Roman Columns of Brindisi – Brindisi, Italy - Atlas Obscura

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Roman Columns of Brindisi

Brindisi, Italy

It's believed that these columns marked the end of the Via Appia. 

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Near the port of Brindisi, one of the largest in Southern Italy, a set of monumental stairs climb from the waterfront to a small square with a column and the remains of another.

These are the Roman Columns of Brindisi, the origins and purpose of which are still unknown. Historically, it’s believed the columns marked the end of the Via Appia, a massive Roman road that connected the capital to the port of Brindisi, or the Via Traiana, a later alternative to the Via Appia.

Others have suggested that they were used as a point of reference for the sailors entering the port. The construction of the columns has been also attributed to Sulla or other Roman generals, stories even go back to the legendary foundation of the city by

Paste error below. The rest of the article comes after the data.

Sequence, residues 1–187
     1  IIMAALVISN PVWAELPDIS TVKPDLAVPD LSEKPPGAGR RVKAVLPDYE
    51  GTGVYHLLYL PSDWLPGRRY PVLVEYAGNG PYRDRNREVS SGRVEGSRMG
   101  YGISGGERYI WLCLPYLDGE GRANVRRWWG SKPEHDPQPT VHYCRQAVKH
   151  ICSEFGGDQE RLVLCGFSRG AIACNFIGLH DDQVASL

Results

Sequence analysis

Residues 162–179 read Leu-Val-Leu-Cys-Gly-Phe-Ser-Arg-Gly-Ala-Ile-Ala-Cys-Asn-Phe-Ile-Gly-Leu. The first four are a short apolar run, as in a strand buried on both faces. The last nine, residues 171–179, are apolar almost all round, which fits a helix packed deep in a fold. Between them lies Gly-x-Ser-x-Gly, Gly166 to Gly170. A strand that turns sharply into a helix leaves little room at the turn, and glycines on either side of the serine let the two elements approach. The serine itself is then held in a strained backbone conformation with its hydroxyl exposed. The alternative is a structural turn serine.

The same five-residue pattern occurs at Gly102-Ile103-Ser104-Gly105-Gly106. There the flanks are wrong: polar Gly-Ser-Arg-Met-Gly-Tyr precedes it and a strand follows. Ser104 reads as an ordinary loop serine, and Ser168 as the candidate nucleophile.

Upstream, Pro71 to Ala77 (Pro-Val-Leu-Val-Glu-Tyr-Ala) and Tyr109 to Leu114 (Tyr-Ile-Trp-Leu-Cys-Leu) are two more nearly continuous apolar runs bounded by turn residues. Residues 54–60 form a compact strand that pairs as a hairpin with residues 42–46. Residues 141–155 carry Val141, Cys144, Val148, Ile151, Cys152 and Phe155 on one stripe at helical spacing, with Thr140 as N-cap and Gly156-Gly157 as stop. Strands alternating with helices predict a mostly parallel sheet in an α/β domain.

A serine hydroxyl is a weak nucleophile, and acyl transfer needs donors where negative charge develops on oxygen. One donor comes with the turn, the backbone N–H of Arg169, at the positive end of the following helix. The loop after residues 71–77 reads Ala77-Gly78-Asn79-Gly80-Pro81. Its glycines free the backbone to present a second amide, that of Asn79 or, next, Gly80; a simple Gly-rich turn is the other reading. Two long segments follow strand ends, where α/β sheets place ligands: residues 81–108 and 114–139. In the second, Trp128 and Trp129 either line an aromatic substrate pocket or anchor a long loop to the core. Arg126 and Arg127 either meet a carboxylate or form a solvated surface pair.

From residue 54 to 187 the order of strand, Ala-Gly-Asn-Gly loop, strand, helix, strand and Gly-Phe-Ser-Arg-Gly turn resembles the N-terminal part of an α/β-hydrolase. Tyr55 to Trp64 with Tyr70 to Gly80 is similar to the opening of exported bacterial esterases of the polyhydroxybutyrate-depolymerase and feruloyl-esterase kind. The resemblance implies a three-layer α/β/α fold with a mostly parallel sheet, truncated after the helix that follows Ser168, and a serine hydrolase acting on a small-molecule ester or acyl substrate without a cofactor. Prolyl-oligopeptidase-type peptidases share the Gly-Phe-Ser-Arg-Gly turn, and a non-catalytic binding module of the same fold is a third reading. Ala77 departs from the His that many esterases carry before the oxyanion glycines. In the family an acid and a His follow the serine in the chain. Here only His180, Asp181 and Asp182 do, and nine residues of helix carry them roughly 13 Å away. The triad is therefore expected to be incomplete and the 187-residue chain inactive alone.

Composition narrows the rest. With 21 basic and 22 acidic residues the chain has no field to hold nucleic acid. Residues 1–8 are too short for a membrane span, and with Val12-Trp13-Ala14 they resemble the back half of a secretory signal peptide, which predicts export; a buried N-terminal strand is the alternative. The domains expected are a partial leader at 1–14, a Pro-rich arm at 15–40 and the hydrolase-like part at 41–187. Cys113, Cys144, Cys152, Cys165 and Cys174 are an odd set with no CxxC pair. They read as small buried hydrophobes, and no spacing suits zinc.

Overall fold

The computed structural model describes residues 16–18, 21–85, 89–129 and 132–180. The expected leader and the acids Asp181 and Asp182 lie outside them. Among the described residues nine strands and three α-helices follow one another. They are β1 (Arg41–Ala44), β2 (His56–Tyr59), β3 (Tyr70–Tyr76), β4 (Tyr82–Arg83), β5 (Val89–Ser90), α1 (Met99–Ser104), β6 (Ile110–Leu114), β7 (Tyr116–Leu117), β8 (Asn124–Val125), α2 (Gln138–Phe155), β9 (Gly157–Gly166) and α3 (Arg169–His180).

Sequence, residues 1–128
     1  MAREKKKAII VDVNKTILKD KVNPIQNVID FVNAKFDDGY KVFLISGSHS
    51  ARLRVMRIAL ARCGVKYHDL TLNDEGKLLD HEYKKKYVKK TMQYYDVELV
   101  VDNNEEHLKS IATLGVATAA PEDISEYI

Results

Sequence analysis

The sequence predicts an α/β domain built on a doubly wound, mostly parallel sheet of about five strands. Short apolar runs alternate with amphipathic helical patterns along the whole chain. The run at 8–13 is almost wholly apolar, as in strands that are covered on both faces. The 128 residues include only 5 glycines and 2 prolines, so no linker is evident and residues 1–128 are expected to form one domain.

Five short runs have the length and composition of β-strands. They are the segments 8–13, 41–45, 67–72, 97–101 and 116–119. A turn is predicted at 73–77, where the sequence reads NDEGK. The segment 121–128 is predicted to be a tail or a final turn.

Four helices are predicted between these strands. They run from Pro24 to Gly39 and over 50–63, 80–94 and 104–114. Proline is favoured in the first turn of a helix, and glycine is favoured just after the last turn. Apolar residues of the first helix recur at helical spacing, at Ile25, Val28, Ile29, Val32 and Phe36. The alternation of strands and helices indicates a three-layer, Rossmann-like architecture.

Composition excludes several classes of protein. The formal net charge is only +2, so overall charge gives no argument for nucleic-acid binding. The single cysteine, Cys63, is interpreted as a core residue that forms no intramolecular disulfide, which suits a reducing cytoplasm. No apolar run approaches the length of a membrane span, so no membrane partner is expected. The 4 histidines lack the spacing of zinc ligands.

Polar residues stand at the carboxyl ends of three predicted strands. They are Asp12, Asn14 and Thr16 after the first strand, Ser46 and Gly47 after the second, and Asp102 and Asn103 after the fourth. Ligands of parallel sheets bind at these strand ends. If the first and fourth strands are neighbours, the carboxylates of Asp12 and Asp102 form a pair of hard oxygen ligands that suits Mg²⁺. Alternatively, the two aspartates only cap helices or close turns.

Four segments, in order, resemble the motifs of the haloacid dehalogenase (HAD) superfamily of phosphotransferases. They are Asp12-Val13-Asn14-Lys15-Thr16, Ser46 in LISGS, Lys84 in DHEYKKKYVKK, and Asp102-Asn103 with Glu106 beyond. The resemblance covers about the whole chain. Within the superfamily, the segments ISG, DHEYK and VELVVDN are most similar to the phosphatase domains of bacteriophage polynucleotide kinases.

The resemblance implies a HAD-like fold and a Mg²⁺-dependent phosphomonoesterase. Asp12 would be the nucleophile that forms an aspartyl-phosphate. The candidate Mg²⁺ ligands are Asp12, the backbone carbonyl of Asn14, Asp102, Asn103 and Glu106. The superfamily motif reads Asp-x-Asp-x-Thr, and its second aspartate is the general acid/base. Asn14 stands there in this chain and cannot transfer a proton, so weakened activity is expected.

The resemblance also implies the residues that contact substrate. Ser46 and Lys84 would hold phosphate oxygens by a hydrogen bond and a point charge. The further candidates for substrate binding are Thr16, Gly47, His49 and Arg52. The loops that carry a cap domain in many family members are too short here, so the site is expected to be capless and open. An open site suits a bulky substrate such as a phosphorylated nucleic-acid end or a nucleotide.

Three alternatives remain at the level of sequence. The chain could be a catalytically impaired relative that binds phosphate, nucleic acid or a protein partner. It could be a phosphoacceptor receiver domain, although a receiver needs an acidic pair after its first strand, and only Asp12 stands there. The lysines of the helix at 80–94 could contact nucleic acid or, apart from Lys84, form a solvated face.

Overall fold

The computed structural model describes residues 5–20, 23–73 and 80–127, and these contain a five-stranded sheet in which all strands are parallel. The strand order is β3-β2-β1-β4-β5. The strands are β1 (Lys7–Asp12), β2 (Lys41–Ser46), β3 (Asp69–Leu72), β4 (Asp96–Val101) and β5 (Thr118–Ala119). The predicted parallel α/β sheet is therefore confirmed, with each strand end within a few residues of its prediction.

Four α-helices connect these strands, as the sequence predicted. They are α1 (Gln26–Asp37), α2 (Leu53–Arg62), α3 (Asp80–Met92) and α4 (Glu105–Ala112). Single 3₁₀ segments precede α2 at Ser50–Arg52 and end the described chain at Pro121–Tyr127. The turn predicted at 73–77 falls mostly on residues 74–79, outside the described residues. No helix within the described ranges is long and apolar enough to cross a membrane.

Most likely, the pillars and capitals were built sometime around the 2nd or early 3rd-century CE, but the presence of different styles and compositions may suggest a later date.

By the 14th-century, the two columns were a symbol of Brindisi, and to this day, they appear on the city’s coat of arms. One of the two columns collapsed in 1528 after an earthquake. The ruins of the fallen pillar remained on the site for over a century and were moved only in 1659. That year, the pieces were gifted to the nearby city of Lecce to build a monument dedicated to Saint Orontius, who was reputed to have saved Lecce from the plague.

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